Bob Woolmer's Art & Science of Cricket, by Bob Woolmer, Tim Noakes and Helen Moffett
As a team Bob Woolmer, Tim Noakes and Helen Moffett worked on this manual on art and science of Cricket for many years. The script was finished only six weeks before Bob Woolmer's death in 2007.
Bob Woolmer began life with a cricket bat in his crib; and he died in the service of cricket, on 18 March 2007, at the Cricket World Cup in the West Indies. His sudden death, most probably of heart failure, caused a cloud of speculation and confusion that for a few months threatened to veil Bob's gigantic contribution to the game to which he had given his life. He had just finished this book, a substantial work that contains much of what he had learnt, pondered and learnt afresh about cricket. It now serves as his legacy; and his surviving co-authors, and the many helpers who worked on it, hope that it reflects, in some measure, the depth and breadth of Bob's wisdom, experience and constantly questioning cricketing mind. Bob's favourite saying to those dealing with a sporting defeat was, 'It's only a game. Nobody has died.' A modest, transparent and humble man, he would have been overwhelmed by the global outpouring of sentiment at his death.
Foreword by Richie Benaud:
I had my first proper sighting of Bob in the early 1970s, when he was starting to make an impression in the Kent team, and 1 was working with BBC Television. He was an elegant player, under the influence of Colin Cowdrey, and he impressed me as being a good thinker on the game. There was no better example of this than in 1974, when, in the semi-final of the Gillette Cup, he bowled his 12 oxers for 22, and then steered Kent to victory with 18 not out in a pulsating finish, in the final at Lord's three weeks later, it was Bob who bowled magnificently, and then shared the tense winning partnership with Alan Knott. He confirmed my impression of his ability and his thinking in the years that followed, and when he played for the World XI in World Series Cricket, he was already thinking ahead into the area of coaching. Captains and coaches, good ones that is, are always a couple of overs ahead of the play; otherwise they find themselves trailing the opposition. Bob's habit of 'thinking cricket' is one of the reasons this is a coaching book different from all others. It is essential to play your cricket in common-sense fashion. It follows that using a common-sense approach to coaching will provide a wonderful combination. On my first tour of England in 1953,1 received the best simple advice from Bill O'Reilly as to the manner in which I should completely revise my bowling technique. It successfully changed my bowling career. So I believe that in the teaching of players, the key lies in watching a man play, detecting his mistakes, and having the ability to correct those mistakes, one at a time. Never forget the simple things. In Bob's book there is much to ponder about mental skills and strengths, and it comes across that a player must use, rather than waste, his talent. To have a talent that is rarely used is a sad legacy in life; fortunately this was not true of Bob Woolmer's life. He was able to use his cricketing talents to the full, and his book is proof of this. I hope it is a great success.Coogee, New South Wales, Australia, January 2008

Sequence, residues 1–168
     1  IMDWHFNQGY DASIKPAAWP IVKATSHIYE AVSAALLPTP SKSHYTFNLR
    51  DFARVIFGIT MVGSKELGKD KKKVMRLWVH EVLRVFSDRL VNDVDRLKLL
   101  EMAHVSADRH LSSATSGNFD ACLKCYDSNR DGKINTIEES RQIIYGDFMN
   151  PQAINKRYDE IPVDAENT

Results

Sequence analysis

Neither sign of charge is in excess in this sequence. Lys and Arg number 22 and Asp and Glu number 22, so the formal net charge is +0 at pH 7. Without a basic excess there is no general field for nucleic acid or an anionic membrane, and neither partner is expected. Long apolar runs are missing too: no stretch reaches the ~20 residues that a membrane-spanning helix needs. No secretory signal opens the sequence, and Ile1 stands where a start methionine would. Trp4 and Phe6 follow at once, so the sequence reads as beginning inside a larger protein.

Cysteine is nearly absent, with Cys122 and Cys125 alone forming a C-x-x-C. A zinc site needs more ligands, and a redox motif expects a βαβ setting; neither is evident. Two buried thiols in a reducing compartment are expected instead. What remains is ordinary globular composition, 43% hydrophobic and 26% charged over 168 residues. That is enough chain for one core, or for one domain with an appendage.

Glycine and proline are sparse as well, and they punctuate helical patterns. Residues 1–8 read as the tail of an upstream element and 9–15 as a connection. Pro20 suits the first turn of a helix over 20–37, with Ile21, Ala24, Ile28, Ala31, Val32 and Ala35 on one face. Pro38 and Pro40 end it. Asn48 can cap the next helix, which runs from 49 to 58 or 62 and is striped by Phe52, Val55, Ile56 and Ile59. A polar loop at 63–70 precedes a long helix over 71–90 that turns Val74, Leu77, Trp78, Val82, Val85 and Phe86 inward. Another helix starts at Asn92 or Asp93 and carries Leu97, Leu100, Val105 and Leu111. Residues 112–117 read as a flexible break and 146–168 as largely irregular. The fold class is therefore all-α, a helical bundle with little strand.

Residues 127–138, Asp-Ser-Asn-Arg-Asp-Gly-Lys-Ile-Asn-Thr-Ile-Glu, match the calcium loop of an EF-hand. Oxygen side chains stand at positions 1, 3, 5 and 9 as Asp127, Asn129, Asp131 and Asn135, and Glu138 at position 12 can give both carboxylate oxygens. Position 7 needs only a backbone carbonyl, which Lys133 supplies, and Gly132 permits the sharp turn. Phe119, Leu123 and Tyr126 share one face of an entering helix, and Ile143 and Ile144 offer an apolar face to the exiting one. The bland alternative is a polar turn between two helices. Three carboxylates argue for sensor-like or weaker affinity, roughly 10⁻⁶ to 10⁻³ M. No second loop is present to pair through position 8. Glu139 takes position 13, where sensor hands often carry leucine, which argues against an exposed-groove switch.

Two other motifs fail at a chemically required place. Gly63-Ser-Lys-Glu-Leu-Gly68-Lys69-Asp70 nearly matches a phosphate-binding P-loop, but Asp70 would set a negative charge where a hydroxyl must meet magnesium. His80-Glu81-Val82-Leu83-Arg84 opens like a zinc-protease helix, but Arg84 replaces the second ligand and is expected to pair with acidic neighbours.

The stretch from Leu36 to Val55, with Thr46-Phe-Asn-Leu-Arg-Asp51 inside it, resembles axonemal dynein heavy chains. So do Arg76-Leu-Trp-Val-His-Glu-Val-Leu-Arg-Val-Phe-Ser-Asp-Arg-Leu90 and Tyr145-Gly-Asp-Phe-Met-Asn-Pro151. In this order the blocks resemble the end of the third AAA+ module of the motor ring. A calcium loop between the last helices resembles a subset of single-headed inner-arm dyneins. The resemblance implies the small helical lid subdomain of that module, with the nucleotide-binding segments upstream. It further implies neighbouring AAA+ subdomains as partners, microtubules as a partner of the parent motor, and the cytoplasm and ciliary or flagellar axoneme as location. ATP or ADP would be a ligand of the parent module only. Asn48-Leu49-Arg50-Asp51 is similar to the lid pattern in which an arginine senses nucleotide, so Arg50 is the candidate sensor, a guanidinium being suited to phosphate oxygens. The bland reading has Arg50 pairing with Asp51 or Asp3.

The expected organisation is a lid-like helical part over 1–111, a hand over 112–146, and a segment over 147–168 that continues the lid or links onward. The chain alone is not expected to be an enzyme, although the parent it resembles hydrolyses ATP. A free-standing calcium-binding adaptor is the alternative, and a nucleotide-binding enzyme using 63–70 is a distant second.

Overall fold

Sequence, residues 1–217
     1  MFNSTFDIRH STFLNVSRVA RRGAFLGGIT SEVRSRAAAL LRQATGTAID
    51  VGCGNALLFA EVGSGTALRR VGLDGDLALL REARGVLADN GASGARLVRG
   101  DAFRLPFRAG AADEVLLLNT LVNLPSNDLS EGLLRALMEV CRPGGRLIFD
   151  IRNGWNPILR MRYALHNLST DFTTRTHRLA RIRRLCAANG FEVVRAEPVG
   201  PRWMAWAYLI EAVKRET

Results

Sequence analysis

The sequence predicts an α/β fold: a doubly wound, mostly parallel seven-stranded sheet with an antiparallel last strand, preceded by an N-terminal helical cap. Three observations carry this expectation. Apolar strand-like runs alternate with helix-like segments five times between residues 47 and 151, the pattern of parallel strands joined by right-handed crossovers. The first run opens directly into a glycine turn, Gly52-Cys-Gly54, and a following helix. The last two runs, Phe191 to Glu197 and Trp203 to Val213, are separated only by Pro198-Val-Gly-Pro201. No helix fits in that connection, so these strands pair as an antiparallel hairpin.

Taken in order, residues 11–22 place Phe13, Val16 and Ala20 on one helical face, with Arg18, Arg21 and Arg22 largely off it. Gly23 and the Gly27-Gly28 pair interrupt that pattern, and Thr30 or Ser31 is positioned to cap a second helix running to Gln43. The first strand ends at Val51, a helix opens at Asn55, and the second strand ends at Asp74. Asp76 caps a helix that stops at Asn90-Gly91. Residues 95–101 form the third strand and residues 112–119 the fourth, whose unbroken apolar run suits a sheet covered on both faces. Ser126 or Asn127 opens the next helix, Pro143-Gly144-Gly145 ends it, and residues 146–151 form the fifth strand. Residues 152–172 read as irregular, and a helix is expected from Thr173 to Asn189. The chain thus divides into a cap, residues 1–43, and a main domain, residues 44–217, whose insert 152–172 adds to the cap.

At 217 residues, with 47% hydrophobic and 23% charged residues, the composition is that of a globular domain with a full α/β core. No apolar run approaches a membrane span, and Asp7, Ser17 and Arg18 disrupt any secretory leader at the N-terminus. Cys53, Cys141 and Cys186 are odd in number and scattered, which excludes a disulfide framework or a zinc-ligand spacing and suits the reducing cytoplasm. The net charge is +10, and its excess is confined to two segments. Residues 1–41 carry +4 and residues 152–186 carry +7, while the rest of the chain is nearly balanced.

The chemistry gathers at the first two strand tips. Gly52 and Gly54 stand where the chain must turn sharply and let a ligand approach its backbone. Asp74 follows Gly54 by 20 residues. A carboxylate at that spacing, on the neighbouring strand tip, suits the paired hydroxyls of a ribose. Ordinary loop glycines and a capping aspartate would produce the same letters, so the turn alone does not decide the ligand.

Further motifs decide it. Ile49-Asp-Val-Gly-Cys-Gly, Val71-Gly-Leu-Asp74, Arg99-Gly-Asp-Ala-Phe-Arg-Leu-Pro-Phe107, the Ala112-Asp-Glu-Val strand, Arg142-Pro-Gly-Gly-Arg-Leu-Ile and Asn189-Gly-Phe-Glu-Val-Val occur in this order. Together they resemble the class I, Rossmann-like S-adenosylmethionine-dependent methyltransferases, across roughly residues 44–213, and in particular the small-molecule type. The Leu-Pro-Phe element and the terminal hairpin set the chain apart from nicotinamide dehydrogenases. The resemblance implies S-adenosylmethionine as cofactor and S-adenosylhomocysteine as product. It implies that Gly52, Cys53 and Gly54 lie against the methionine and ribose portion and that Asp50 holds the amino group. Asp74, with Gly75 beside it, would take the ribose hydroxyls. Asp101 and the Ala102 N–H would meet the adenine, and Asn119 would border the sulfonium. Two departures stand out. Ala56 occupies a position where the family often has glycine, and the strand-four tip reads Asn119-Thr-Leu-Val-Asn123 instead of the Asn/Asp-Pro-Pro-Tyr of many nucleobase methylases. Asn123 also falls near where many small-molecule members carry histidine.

This is an excerpt from the book: Bob Woolmer's Art & Science of Cricket, by Bob Woolmer, Tim Noakes and Helen Moffett.
Title: Bob Woolmer's Art & Science of Cricket
Author: Bob Woolmer; Tim Noakes; Helen Moffett
Publisher: Randomhouse Struik
Cape Town, South Africa 2008
ISBN 9781770076587 / ISBN 978-1-77007-658-7
Softcover, 21 x 25 cm, 655 pages, 340 b/w and 28 colour photographs, 100 b/w illustrations. Text: English
Woolmer, Bob und Noakes, Tim und Moffett, Helen im Namibiana-Buchangebot
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